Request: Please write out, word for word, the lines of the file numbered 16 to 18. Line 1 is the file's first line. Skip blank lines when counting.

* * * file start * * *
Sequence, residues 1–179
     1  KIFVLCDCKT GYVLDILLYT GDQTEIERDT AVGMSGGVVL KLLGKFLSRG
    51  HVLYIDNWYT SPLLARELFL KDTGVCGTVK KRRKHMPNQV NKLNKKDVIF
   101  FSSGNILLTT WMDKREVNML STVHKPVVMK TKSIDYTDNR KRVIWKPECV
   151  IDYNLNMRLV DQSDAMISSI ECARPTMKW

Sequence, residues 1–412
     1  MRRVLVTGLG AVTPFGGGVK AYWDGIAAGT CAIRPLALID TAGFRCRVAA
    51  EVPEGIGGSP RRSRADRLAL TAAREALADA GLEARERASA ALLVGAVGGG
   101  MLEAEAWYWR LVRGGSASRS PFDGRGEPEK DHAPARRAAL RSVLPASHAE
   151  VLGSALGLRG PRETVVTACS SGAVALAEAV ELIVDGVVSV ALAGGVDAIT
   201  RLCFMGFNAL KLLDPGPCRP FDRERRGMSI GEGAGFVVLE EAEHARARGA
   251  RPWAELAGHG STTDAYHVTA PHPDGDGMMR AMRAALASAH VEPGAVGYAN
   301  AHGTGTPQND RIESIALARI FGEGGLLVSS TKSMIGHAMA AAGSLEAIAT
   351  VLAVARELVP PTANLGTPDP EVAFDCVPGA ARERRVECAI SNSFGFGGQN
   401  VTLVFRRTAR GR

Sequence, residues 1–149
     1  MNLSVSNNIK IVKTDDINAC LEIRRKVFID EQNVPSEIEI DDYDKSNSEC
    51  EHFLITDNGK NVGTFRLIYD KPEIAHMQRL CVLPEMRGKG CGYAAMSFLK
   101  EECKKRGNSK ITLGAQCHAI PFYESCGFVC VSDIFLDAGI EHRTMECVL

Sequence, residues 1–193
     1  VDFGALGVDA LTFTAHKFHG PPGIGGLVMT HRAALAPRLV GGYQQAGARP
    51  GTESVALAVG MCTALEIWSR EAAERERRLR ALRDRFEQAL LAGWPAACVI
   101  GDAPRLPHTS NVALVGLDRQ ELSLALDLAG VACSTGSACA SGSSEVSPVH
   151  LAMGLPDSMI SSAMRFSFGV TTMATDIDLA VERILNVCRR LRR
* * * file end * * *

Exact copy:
Sequence, residues 1–149
     1  MNLSVSNNIK IVKTDDINAC LEIRRKVFID EQNVPSEIEI DDYDKSNSEC
    51  EHFLITDNGK NVGTFRLIYD KPEIAHMQRL CVLPEMRGKG CGYAAMSFLK